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WASHINGTON, DC - JUNE 01:  Former Florida Governor Jeb Bush testifies before the House Budget Committee in the Cannon House Office Building on Capitol Hill June 1, 2012 in Washington, DC. The committee members engaged in a wide-ranging debate about tax and spending policy during the hearing titiled, "Removing The Barriers To Free Enterprise And Economic Growth."  (Photo by Chip Somodevilla/Getty Images) Too soon?

the national interest

Jeb Bush Ready for 2016

One thing everybody agrees about Jeb Bush is that he’s a smart man. He spoke this morning to reporters at Bloomberg L.P. (I was not in town, but was able to read accounts of his remarks in almost real time due to the miracle of the Internet.) Bush is clearly engaged in an effort to position himself as the next leader of the Republican Party.

To understand what Bush is saying, you need to anticipate how the party might diagnose the causes of a loss in 2012, and then you can see how he is setting himself as the cure. Bush has been publicly urging Republicans to moderate their tone toward Latinos and to embrace immigration reform. Here is the one issue where Republicans, should they lose, will almost surely conclude that they need to moderate their party stance. The Latino vote is both growing in size and seems to be tilting ever more strongly toward the Democrats, a combination that will rapidly make the electoral map virtually unwinnable. Indeed, the body language of the Romney campaign suggests it already regrets the hard-line stances on immigration it adopted during the primary.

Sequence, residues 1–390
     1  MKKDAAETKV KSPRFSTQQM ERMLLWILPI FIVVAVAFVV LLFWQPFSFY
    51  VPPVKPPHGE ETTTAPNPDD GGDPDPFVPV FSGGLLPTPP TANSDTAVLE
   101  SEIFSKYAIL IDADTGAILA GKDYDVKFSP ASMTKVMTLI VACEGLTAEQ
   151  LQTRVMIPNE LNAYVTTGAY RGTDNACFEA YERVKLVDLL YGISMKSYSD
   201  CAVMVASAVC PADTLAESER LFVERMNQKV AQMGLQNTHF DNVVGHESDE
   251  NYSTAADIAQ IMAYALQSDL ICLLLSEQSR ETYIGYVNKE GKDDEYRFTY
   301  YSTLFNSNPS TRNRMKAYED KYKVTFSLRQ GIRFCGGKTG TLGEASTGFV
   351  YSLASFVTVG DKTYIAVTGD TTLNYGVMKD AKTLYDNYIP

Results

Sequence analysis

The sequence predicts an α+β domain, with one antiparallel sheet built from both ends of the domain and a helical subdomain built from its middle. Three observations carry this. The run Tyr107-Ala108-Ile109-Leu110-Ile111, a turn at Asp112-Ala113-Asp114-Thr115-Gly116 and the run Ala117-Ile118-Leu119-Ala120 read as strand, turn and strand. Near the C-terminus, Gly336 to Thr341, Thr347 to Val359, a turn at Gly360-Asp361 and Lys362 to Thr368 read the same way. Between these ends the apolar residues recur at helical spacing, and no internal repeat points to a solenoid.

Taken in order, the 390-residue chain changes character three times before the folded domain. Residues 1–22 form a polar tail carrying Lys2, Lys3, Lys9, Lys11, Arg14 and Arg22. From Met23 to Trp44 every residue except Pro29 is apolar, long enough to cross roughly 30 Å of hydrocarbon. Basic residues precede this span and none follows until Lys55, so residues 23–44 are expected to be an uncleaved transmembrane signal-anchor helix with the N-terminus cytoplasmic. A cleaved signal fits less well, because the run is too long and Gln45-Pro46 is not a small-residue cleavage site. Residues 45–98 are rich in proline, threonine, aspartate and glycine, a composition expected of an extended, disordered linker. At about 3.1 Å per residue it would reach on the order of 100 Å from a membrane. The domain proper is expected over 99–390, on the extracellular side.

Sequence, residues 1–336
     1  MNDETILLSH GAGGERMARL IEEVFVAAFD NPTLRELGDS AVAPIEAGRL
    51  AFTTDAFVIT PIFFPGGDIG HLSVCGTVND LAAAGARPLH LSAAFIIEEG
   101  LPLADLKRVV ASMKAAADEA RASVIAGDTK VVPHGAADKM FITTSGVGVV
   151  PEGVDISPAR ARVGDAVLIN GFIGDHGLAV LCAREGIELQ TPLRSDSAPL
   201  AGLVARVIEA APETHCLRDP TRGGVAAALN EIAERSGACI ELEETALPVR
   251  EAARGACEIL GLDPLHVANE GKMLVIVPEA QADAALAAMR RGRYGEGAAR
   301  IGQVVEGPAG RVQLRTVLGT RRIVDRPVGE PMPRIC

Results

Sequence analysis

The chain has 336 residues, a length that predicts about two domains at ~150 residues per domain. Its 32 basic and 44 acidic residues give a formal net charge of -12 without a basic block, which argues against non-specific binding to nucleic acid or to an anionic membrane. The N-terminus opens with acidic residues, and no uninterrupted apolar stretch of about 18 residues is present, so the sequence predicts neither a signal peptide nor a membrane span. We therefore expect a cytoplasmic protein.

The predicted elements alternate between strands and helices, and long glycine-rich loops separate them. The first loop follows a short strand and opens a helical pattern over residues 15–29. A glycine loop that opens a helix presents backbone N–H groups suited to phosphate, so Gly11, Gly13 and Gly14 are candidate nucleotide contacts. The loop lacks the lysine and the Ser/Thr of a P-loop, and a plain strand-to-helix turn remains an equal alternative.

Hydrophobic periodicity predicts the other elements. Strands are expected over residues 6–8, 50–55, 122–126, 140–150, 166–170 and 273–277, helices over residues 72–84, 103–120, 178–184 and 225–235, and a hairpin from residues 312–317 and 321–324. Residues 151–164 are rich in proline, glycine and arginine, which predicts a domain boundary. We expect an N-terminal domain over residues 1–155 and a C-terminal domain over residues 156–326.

Containing illegal immigration is a passion among the Republican voting base, but the party elite is generally either indifferent to or actively supportive of illegal immigration. (It’s a good source of cheap labor for business.) Bush, of course, speaks fluent Spanish and has a Mexican-American wife.

Other than that, Bush has largely followed the example of his brother’s 2000 campaign, offering a great deal of moderation in tone and very little in substance. This morning he spoke fulsomely on the merits of bipartisanship without committing himself to support a generalized move toward the center on anything other than immigration. In customary party fashion, he lashed President Obama for failing to fully endorse the Simpson-Bowles deficit-reduction plan, but subsequently admitted he would have opposed it as well due to its higher tax revenues.

If you try to imagine the Republican consensus after a potential losing election, it will look like this. It will recognize that its harsh partisan rhetoric turned off voters, and will urgently want to woo Latinos, while holding on to as much as possible of the party’s domestic policy agenda. And oh, by the way, the party will be casting about for somebody to lead it.

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Photo: Chip Somodevilla/Getty Images